First we added colour by dabbing ColorBox® Cats Eye fluid chalk inkpads in various pastel colours randomly over the whole surface, using more on the outside covers to obtain a deeper shade.
We then dragged a gold pigment-based inkpad over the surface, inside and out, to add extra glitz and interest.
The next step was to stamp an image on the front cover using a StazOn® inkpad in Timber Brown. For this we chose a suitably-sized rubber stamp in a collage design from Great Impressions.
We gilded the edges by running along them with a gold Krylon® pen, embellished the image on the front cover by sticking on small gems, and added domed acrylic alphabet stickers to spell the word 'Memories'.
We completed this simple transformation by tying a maroon organza ribbon round the front cover near the spine.
Here's another altered board book that we made for a different swap. This time everyone who took part was given a small round board book about 2¼ inches (57mm) across and about 6mm thick, again with five pages including the covers.
We started by stripping the book and applying gesso, in exactly the same way as we did before.
Again we used ColorBox® Cats Eye fluid chalk inkpads to apply colour randomly over the whole surface, and then we dry-painted with gold acrylic paint using a flat brush.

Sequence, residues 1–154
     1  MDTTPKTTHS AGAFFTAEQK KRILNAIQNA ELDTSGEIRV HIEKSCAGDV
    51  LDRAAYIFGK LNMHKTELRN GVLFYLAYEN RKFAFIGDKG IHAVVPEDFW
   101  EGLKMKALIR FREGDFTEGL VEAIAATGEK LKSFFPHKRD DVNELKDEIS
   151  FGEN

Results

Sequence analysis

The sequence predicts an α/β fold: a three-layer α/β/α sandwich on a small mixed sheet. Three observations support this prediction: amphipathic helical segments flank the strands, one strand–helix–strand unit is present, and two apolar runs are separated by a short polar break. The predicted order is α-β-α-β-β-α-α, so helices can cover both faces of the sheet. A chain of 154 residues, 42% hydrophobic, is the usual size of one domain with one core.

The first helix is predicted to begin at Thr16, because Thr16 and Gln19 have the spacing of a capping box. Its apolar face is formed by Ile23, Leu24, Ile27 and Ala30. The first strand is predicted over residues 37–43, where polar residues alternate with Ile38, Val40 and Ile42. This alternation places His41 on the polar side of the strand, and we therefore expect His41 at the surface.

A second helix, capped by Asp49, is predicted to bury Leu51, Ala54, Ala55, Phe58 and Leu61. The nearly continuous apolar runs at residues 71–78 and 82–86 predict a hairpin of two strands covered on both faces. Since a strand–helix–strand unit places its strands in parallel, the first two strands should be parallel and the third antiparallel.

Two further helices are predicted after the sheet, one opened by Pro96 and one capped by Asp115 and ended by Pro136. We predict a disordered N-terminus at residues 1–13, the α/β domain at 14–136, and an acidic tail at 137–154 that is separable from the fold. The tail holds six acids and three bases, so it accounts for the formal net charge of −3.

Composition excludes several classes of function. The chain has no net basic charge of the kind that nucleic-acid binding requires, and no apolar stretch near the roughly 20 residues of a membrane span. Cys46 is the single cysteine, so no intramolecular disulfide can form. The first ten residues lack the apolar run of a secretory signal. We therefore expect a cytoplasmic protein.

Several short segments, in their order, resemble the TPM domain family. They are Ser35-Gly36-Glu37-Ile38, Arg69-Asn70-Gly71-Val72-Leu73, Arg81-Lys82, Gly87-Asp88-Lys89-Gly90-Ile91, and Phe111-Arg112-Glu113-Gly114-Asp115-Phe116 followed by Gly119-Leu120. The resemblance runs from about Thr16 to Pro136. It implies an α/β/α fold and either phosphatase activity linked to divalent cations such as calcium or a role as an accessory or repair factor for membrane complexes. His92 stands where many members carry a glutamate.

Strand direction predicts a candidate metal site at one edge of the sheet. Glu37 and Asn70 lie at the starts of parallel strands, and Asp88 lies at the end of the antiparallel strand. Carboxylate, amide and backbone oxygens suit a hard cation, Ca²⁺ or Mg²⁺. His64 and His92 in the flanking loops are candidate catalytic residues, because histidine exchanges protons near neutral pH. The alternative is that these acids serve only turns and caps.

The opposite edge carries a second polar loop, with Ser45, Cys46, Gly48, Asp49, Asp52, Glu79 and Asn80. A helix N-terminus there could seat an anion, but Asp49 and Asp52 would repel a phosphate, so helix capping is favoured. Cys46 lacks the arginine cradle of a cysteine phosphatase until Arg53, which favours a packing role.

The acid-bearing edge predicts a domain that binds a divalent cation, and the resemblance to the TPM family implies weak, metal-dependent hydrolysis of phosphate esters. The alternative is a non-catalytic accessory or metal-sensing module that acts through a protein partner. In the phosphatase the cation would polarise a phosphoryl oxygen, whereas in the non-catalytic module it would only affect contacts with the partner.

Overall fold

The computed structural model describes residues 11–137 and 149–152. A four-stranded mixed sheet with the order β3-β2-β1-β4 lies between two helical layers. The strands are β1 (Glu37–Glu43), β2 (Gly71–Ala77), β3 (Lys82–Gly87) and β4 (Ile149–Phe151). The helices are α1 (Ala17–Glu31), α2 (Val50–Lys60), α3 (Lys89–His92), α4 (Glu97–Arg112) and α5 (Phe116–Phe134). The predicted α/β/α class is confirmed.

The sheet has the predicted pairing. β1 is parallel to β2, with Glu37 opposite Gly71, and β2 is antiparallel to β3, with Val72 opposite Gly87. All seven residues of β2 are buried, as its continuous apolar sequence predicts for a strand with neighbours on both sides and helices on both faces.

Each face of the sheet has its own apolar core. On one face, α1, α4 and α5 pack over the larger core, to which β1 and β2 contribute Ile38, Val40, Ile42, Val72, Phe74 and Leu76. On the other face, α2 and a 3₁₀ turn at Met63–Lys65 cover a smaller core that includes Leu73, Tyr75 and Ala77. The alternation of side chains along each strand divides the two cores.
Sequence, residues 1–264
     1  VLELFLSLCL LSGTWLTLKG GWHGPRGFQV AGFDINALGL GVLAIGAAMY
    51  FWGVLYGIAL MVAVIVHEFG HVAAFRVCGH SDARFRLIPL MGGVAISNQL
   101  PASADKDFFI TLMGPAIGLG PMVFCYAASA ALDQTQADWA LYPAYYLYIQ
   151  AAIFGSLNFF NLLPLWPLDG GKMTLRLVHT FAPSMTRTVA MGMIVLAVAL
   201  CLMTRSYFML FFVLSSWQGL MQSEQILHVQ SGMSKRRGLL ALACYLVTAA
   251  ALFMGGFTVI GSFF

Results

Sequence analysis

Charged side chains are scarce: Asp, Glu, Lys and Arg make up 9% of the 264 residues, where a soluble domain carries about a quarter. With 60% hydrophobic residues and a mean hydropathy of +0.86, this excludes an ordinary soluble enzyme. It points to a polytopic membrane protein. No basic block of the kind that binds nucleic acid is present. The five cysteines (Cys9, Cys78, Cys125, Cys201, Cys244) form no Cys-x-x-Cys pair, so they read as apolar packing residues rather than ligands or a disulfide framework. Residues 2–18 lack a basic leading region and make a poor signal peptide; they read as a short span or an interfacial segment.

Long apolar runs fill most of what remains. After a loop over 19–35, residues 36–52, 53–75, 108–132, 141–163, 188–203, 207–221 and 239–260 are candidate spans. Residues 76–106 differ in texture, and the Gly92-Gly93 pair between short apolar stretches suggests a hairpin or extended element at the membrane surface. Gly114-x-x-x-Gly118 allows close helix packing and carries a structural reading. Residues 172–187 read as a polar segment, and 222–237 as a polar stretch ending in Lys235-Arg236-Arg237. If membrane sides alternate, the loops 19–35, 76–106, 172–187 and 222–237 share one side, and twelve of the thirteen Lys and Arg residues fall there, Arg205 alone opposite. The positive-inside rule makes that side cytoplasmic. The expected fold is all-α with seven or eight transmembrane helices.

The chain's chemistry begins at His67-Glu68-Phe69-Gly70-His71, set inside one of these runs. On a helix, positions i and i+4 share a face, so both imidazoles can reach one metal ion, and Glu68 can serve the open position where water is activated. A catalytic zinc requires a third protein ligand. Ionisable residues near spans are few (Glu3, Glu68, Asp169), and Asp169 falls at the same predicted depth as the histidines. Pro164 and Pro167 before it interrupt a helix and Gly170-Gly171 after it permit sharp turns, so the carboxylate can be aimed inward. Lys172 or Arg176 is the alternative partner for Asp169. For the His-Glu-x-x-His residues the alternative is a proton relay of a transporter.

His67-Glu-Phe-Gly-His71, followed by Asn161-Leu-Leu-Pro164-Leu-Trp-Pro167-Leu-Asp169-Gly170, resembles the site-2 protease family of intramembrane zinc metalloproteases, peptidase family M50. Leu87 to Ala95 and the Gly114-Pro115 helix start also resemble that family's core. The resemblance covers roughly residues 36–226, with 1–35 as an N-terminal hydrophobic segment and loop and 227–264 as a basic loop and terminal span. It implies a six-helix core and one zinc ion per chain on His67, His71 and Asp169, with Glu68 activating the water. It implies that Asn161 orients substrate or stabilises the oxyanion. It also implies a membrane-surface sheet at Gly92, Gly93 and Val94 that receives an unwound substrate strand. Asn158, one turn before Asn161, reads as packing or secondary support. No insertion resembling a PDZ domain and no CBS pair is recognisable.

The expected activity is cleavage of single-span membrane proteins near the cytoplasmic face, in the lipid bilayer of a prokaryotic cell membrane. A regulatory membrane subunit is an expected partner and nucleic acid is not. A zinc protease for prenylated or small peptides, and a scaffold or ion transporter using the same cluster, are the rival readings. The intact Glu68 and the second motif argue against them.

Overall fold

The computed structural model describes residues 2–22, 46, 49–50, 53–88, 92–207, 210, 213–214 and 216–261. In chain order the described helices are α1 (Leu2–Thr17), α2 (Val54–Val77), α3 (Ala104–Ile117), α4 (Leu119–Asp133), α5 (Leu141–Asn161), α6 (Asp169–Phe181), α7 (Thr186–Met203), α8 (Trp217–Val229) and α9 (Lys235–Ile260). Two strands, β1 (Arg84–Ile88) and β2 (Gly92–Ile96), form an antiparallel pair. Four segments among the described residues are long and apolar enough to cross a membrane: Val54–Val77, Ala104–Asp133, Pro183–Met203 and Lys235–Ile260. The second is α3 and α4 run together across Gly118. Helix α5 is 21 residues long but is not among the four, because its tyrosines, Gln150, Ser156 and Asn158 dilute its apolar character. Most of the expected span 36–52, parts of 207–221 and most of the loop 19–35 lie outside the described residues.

Next we stamped lightly all over with 'Old French Writing' by Hero Arts.
We decorated the inside pages of the board book using StazOn® inkpads in various colours and a selection of rubber stamps.
This time we chose a miniature mermaid and fern leaf from Claritystamp®, a 'Klimt Lady' from a cube by JudiKins, and word stamps, including 'Joy', 'Believe' and 'Dream', from a set by Technique Tuesday.
We then pasted in small strips torn from a sheet of gold tissue, and once more gilded the edges with the Krylon® pen.
Finally we embellished the cover of our altered board book by sticking on a small length of gold rick-rack braid, an antique gold coloured 'sand dollar' charm, and some gold microbeads.